FCA Fines and Bans Ex-Barclays Boss Over Epstein Disclosure Failings

'While Mr Staley did not draft the letter there was no excuse for his failure to correct the misleading statements,' the regulator said in a statement today

Dow Jones 12 October, 2023 | 12:04PM
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Jes Staley

The Financial Conduct Authority (FCA) has fined and banned the former chief executive of Barclays on Thursday over his disclosures relating to his personal links to Jeffrey Epstein.

The FCA today fined Jes Staley £1.8 million and banned him from holding a senior management or significant influence function in the financial services industry.

Epstein died by suicide in a federal jail in 2019, awaiting trial on sex-trafficking charges. His relationships with several prominent financial and political leaders have been scrutinised ever since allegations emerged in the late 2000s that he was involved in prostitution.

In a statement, the regulator said Staley "recklessly approved" a letter sent by Barclays to the FCA, which contained two misleading statements over his relationship with Epstein.

Sent in 2019, the letter claimed Staley did not have a close relationship with Epstein, when in emails Staley called Epstein one of his deepest and most cherished friends. The letter also said Staley ceased contact with Epstein well before he joined Barclays. He was in fact in contact with Epstein in the days leading up to his CEO appointment in 2015.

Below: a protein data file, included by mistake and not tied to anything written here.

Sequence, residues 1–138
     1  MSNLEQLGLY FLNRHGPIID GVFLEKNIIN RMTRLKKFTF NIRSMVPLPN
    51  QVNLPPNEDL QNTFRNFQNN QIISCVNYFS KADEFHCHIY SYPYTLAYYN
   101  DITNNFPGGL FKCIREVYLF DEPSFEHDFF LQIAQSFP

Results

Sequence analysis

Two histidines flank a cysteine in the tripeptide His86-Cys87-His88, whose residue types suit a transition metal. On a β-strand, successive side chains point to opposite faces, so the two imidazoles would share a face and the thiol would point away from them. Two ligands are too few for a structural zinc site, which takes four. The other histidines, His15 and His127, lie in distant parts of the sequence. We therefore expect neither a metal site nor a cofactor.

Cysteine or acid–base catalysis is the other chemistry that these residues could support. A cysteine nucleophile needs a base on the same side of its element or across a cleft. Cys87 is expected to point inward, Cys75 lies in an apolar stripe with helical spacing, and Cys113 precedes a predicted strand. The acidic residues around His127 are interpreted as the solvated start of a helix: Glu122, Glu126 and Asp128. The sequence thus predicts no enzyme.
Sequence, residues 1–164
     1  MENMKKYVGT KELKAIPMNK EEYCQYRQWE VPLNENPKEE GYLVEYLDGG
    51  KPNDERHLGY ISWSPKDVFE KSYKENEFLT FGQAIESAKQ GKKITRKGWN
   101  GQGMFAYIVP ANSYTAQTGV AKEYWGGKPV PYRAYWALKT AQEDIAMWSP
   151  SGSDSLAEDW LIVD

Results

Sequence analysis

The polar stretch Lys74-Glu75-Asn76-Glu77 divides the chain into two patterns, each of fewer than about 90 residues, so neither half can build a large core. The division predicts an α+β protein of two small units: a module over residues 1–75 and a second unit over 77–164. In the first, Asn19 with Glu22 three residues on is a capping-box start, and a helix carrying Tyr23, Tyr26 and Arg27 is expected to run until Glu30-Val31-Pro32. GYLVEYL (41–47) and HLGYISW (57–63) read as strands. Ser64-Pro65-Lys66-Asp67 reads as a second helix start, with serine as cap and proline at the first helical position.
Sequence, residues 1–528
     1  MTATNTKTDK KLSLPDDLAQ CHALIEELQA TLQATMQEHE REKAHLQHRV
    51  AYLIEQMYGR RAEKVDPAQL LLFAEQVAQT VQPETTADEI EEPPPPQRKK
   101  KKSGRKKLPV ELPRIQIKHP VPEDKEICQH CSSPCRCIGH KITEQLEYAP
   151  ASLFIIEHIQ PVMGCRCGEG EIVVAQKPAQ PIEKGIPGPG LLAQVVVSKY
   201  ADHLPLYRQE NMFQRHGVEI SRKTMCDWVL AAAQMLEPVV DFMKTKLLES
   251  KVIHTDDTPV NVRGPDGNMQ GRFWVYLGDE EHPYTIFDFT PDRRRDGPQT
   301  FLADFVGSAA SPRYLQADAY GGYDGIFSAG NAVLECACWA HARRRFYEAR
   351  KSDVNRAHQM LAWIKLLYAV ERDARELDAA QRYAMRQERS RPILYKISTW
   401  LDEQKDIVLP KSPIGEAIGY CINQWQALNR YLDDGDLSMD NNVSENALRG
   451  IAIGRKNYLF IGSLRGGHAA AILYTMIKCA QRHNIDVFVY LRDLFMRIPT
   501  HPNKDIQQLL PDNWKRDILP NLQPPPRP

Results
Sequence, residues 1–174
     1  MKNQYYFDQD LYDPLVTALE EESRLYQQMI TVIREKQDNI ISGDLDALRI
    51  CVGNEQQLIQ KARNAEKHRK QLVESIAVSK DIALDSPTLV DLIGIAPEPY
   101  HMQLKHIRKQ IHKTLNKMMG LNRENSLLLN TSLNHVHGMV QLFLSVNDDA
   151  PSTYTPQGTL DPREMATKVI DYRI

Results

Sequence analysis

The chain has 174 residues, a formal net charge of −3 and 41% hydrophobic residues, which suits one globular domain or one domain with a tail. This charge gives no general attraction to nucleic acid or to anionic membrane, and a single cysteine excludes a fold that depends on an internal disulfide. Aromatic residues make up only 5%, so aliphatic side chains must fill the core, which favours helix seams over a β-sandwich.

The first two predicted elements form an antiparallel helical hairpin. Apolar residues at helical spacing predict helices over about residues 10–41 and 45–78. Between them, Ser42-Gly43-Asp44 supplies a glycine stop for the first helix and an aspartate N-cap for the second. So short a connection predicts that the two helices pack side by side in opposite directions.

"While Mr Staley did not draft the letter there was no excuse for his failure to correct the misleading statements when he was the only person at Barclays who knew the full extent of his personal relationship with Mr Epstein and the specific timings of his contact with him," the FCA said.

"The FCA has found that Mr Staley was aware of the risk that his association with Mr Epstein posed to his career," it added.

Staley was previously a senior executive at JP Morgan, which recently agreed to pay $75 million (£61 million) to settle Epstein-related litigation by the US Virgin Islands. JPMorgan separately reached a settlement with Staley.

By Steve Goldstein

This content was created by MarketWatch, which is operated by Dow Jones & Co. MarketWatch is published independently from Dow Jones Newswires and The Wall Street Journal. It includes UK-appropriate edits for UK audiences

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